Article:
Fad Diets Fade for a Reason

baby food diet

Baby food is meant to be eaten by, you guessed it, babies! Credit: jencu

If “diet” is a four-letter word, then “fad diet” is a giant f-bomb dropped during formal dinner with your conservative boss. Which is why we love this guest post by Kelly Turner from DietsInReview.com. Read on for details on three fad diets that are fading away—with really good reason! —Jenn

Fad Diets Fade for a Reason

Fad diets have rightly earned their name: They explode in popularity with promises of quick weight-loss for little effort, and once no results are seen, the fad fades faster than high-waisted jeans. Some fad diets receive more press and die-hard followers than others, which can blur the line between gimmick and ground-breaking weight-loss science. Here are three fad diets, and despite their impressive following, the truth behind the claims.

HCG Diet

The Claim: HCG (human chorionic gonadotropin) is a hormone produced during pregnancy by the cells that form the placenta. HCG signals the hypothalamus, the area of the brain that affects metabolism, to burn fat stores. In pregnancy, this helps the body bring nutrients into the placenta, but the HCG diet uses daily HCG injections, in conjunction with a 500-calorie diet, to help you drop one to three pounds per day.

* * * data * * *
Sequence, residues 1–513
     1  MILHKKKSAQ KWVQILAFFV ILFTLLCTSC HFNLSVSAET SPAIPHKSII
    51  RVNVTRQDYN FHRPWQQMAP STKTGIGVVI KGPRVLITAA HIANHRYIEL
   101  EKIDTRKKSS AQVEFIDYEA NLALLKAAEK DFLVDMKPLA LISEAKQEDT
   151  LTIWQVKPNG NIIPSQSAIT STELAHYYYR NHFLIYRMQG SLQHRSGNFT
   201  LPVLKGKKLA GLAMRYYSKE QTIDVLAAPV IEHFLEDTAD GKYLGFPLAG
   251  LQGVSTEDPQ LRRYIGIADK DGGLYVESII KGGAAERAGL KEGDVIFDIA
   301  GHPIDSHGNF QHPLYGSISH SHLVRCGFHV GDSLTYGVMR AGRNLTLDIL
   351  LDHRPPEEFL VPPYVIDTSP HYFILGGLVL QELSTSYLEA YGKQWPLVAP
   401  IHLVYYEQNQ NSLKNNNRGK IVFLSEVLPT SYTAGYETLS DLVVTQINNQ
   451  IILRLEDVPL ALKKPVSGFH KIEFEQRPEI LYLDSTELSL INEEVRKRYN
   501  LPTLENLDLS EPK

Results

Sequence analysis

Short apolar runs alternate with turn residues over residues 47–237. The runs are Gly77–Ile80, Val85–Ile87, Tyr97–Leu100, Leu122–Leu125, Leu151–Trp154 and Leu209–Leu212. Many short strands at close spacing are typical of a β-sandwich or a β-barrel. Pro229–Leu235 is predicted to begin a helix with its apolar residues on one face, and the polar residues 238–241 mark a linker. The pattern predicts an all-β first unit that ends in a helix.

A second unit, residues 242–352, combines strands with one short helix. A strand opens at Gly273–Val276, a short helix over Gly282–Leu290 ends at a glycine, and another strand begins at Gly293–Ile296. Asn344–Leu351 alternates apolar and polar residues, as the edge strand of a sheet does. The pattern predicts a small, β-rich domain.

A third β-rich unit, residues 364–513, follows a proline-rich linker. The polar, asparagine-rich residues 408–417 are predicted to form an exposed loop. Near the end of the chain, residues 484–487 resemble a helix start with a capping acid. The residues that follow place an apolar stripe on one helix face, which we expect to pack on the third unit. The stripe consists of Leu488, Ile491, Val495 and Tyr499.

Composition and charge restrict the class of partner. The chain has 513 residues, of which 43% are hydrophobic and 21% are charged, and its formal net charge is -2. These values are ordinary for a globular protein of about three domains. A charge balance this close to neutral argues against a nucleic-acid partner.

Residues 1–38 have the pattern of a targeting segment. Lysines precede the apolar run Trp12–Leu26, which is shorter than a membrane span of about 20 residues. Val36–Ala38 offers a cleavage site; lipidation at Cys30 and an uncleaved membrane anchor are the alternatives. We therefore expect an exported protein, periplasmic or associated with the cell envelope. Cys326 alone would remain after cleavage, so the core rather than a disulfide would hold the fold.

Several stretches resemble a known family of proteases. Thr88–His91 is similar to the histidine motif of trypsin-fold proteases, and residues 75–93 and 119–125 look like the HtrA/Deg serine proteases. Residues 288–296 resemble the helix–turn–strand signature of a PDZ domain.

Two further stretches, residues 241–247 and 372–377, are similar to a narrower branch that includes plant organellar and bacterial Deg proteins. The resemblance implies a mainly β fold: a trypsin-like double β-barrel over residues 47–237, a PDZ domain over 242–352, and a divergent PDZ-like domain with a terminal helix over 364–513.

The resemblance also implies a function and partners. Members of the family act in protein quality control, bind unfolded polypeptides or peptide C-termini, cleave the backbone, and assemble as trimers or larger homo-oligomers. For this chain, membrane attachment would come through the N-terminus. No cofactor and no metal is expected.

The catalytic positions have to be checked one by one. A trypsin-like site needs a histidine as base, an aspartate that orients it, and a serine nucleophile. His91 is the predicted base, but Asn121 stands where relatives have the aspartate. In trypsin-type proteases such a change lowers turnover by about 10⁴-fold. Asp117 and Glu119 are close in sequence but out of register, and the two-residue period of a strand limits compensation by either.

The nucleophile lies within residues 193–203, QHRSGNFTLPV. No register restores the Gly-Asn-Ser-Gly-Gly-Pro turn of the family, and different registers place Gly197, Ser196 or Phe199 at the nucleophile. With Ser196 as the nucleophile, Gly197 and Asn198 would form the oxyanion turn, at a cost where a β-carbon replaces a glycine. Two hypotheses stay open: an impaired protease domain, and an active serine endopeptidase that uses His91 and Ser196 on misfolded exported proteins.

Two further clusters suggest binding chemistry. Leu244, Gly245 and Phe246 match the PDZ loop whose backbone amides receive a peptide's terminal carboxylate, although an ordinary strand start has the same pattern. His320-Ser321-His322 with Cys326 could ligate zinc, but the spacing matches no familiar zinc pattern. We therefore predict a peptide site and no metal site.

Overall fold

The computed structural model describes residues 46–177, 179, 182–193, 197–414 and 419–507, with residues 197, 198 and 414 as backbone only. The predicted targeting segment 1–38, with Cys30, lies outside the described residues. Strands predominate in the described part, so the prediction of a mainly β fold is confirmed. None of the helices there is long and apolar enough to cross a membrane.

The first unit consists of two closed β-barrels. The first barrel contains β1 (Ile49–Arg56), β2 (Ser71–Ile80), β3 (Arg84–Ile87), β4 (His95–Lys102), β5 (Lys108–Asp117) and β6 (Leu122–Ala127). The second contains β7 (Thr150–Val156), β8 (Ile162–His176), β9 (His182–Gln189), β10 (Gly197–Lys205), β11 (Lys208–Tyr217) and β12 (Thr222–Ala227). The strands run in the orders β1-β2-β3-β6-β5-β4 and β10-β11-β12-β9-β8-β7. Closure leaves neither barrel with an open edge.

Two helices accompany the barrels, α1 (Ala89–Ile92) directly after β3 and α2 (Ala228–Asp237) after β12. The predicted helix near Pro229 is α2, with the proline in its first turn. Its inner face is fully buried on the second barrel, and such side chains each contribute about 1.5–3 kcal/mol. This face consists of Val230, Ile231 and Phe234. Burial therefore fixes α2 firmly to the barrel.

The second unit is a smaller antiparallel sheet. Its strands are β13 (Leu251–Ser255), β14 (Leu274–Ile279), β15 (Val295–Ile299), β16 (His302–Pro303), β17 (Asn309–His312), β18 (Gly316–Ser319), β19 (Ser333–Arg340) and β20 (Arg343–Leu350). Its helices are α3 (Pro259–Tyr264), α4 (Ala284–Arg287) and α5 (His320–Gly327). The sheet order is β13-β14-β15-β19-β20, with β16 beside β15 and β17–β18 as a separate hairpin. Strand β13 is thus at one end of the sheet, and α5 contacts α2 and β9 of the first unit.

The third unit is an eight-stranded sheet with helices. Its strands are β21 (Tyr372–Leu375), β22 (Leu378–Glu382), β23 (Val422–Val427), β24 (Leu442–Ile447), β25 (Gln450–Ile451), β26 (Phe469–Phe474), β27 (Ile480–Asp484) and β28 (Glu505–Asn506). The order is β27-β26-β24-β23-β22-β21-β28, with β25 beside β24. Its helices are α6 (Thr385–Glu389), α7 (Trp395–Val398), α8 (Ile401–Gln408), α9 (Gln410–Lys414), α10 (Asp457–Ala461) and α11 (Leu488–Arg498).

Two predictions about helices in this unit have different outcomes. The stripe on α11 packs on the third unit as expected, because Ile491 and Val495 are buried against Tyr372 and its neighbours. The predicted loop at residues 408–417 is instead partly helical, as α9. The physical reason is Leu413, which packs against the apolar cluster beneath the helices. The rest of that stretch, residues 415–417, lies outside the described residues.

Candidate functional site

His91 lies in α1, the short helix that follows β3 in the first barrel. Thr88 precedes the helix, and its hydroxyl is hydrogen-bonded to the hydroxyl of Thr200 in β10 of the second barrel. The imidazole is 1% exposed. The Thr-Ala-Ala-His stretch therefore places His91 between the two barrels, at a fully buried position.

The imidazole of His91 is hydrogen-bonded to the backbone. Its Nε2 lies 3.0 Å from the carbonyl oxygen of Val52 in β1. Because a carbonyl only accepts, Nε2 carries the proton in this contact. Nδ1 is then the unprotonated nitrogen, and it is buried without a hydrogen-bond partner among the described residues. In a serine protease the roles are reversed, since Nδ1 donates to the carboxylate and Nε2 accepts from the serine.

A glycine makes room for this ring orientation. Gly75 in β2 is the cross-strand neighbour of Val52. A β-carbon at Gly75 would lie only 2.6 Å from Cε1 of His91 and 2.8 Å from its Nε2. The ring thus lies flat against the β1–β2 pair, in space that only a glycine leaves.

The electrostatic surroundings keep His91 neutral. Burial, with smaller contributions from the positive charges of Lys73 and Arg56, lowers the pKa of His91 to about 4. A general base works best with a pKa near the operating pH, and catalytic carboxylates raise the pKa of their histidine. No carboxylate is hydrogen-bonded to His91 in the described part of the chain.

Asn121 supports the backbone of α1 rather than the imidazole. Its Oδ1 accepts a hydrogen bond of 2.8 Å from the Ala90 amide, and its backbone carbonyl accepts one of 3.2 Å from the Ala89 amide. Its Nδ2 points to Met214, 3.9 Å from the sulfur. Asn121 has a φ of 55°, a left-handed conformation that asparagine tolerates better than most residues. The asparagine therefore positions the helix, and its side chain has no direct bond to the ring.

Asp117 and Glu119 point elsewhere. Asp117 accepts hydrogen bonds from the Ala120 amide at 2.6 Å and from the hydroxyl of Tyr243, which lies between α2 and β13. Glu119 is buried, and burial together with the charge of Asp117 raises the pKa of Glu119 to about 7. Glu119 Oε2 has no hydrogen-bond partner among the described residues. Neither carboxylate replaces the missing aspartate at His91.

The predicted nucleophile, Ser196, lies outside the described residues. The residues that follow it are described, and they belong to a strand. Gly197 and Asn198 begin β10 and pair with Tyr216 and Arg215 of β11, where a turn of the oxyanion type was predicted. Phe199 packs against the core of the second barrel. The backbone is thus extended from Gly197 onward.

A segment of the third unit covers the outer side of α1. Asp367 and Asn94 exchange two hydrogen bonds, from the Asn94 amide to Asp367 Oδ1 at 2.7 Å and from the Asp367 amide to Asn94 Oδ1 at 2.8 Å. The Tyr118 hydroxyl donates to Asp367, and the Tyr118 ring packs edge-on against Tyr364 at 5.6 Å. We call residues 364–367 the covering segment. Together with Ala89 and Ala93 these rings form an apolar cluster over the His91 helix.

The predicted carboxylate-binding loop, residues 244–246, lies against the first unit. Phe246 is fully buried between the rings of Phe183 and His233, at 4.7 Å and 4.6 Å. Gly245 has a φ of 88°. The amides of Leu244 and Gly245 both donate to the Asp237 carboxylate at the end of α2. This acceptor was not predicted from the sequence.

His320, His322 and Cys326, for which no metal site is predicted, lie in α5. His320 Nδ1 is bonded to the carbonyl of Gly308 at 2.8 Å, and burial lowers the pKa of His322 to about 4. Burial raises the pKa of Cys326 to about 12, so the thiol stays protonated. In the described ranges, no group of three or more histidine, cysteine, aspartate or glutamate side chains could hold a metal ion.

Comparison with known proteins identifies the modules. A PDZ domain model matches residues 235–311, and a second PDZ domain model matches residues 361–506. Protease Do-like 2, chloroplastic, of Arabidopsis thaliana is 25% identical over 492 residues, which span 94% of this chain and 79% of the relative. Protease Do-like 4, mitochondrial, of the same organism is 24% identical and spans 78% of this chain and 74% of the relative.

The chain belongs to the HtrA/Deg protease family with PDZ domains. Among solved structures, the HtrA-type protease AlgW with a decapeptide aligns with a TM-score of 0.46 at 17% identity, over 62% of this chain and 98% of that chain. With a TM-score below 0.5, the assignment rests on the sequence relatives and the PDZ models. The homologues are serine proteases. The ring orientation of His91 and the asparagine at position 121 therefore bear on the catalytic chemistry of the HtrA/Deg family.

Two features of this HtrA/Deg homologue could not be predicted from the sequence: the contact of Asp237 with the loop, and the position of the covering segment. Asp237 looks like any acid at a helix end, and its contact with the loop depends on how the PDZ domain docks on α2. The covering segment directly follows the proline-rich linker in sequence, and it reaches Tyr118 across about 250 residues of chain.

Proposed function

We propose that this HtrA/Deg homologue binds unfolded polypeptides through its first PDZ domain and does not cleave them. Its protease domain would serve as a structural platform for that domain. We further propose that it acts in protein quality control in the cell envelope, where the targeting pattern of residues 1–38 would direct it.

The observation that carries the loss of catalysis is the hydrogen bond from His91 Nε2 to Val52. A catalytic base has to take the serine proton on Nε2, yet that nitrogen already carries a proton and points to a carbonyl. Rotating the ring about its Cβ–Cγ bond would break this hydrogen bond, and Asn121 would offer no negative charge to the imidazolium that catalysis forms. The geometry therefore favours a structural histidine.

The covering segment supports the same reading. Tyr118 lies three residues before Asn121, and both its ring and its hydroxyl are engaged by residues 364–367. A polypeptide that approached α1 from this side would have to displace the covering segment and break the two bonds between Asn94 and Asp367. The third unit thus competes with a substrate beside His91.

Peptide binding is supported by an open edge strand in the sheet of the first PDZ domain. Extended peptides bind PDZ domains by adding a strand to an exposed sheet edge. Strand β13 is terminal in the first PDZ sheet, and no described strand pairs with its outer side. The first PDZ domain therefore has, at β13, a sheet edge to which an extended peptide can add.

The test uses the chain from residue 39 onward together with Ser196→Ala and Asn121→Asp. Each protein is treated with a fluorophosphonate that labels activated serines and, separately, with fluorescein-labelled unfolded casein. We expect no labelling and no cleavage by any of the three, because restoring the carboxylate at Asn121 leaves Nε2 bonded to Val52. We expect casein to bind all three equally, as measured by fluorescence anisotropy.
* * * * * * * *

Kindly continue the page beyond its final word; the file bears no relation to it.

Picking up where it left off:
The Truth: Five hundred calories per day is not enough to fuel your body properly—it isn’t even enough calories to support normal brain function. Some think severe calorie restriction will burn fat, but in reality, your body will preserve your fat because it thinks you are starving (which you are) and will metabolize muscle proteins, which will not only compromise your strength and health, but also lower your resting metabolism, which is the opposite of what you want for weight-loss. Other negative side effects include headaches, mood swings, depression, blood clots, confusion and dizziness. Women also run the extra risk of developing a condition called Ovarian Hyperstimulation Syndrome (OHSS), which causes pelvic and stomach pain, swelling of the hands and legs, weight gain, shortness of breath, diarrhea, and/or vomiting and nausea. And, I mean, come on—daily injections? No, thanks.